Some 276 girls were kidnapped from their school in northeastern Nigeria by Boko Haram a year ago
Mass abduction prompted global outcry, with protesters around the world under the #BringBackOurGirls banner
Charles Alasholuyi has held up a #BringBackOurGirls sign almost every day since, to keep up awareness
If you cared deeply about something, would you protest? Make a sign? Join a demonstration? How long could you keep going for, in the face of indifference and inaction?
When more than 200 Nigerian girls were kidnapped from their school a year ago by Boko Haram militants, millions of people around the world joined a social media campaign to plead for their safe return.
Charles Alasholuyi was one of those people – from celebrities to world leaders – voicing their anger via #BringBackOurGirls, one of the top Twitter hashtags of 2014, used in more than four million tweets.
But as weeks turned into months, there was still no sign of the missing girls. The spotlight on the campaign faded. People stopped tweeting. They stopped marching. They stopped pleading with the Nigerian government to do more to rescue the young students.
It seemed everyone had given up hope that the girls would come back. Many questioned whether they were even still alive. Everyone, that is, except Alasholuyi.
The marketing professional and father-of-three has taken time nearly every single day since the girls went missing to hold up a sign featuring the #BringBackOurGirls hashtag, have his colleague take his photo with it, and post it on CNN iReport.
Alasholuyi, a believer in the saying that “an injury done to one, is an injury done to all,” says he does this to help give the families of the girls a voice.
He admits his daily routine can be stressful and frustrating and he hopes that one day soon, he will be able to stop doing it.
But so far he hasn’t dared give up his commitment, saying he feels a moral obligation to continue posting his daily photo until the girls are returned. He says he doesn’t want anyone to forget about them and the struggles their families are facing every day the girls are missing.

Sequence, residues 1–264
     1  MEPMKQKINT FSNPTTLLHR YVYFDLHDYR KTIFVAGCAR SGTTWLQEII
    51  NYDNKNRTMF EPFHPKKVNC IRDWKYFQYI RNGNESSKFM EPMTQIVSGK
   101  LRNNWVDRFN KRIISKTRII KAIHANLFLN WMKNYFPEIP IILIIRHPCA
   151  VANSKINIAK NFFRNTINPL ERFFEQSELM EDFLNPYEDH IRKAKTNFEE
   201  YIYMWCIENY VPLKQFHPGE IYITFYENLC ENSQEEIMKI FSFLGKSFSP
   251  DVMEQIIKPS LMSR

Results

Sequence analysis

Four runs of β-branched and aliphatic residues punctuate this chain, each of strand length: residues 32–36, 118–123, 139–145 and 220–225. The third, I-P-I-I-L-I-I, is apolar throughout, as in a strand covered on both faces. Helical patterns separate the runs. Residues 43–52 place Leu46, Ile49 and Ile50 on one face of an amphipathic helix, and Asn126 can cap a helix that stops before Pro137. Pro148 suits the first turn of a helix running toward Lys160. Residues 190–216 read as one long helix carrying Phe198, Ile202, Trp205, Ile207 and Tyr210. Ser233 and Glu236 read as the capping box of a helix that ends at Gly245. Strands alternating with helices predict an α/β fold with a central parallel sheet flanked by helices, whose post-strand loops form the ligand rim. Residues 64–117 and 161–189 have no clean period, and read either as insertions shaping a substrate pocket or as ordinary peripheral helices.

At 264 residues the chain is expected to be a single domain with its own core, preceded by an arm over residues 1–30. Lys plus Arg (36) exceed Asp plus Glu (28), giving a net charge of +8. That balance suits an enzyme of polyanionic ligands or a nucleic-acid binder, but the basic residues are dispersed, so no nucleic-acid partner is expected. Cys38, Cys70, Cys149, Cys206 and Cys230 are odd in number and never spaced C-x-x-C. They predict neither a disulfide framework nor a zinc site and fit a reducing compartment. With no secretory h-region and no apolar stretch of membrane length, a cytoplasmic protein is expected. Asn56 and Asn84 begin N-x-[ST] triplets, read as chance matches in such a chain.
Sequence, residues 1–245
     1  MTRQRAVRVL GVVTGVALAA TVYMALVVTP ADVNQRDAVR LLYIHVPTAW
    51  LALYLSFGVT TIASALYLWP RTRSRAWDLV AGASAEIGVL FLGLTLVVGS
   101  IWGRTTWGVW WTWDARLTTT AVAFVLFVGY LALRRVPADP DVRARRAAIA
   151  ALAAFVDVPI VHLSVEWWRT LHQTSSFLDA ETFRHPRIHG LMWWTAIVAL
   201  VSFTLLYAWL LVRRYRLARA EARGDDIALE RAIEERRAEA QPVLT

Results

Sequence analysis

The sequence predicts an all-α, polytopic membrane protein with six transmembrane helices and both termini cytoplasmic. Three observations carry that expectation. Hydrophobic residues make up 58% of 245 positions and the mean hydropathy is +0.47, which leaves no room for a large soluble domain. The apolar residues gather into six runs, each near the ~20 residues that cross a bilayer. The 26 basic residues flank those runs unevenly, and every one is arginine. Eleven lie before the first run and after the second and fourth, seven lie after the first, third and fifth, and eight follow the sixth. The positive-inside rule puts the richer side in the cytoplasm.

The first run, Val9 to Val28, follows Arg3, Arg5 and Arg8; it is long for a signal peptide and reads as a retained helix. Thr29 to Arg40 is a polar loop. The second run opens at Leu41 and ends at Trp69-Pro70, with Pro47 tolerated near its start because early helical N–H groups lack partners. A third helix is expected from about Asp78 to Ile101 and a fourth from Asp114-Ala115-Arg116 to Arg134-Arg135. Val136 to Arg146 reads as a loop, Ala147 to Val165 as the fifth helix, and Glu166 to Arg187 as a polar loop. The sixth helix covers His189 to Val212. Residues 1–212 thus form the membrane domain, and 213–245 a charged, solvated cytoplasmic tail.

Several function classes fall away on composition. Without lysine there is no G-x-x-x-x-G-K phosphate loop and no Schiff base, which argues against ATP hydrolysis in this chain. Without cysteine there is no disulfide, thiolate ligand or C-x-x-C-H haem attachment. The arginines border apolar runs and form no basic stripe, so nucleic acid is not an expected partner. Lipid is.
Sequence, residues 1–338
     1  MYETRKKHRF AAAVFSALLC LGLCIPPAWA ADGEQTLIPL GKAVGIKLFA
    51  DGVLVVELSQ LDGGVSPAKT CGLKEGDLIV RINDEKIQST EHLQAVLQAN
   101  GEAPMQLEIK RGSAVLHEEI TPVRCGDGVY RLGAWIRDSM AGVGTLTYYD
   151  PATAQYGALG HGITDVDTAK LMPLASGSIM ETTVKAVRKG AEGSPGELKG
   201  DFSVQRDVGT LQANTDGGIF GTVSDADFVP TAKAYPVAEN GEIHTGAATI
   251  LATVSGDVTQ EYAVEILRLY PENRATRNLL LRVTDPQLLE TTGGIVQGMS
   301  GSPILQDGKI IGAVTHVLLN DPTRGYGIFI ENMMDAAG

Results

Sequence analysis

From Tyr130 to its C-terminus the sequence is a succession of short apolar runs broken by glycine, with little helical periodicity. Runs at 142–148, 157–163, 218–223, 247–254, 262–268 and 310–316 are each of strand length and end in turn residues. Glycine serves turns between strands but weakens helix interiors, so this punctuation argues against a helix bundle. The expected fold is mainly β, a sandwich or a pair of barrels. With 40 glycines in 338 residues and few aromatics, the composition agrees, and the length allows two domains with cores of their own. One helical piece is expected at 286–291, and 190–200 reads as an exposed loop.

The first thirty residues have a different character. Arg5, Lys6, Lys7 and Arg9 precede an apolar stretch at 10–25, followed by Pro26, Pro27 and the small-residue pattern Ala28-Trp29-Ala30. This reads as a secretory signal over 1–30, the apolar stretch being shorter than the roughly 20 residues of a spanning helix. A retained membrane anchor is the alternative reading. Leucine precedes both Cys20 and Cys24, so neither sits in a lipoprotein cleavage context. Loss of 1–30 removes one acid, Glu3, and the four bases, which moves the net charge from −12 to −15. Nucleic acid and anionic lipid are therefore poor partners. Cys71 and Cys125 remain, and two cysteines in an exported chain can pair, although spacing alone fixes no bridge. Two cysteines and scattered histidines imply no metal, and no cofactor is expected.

Alasholuyi adds messages on the signs like “over 200 stolen dreams,” “save the girls now” and “our government has a responsibility to protect us all.”
Over the past year, he has also worked with organizations who are holding the Nigerian government accountable, demanding they do more to find the girls. Most recently, he participated in a 10-kilometer march through Lagos. He has also met local leaders to highlight the need for girls to be able to get an education without the fear of being abducted.
Alasholuyi has also appealed to his government – and other nations – to fight the violence imposed by Boko Haram which has carried out multiple attacks and abductions since the kidnapping of the Chibok girls.
“Yesterday was Chibok, the day before yesterday it was somewhere in the north, today it could be another town. Tomorrow it could be my village,” he said. “Why not cry out loud now for the whole world to come to our aid and make sure that the Boko Haram insurgency and their senseless abductions are nipped in the bud.”
He told CNN he believes the newly-elected government, which is due to take office on May 29, will step up efforts to locate the girls. He is confident president elect Muhammadu Buhari, the country’s newly-elected president and a retired Major General in the Nigerian Army, will do more to combat the threat of Boko Haram.
Alasholuyi says he believes in miracles and hopes his passion, commitment and determination to help the Chibok girls through his daily photos will one day bring them home safely.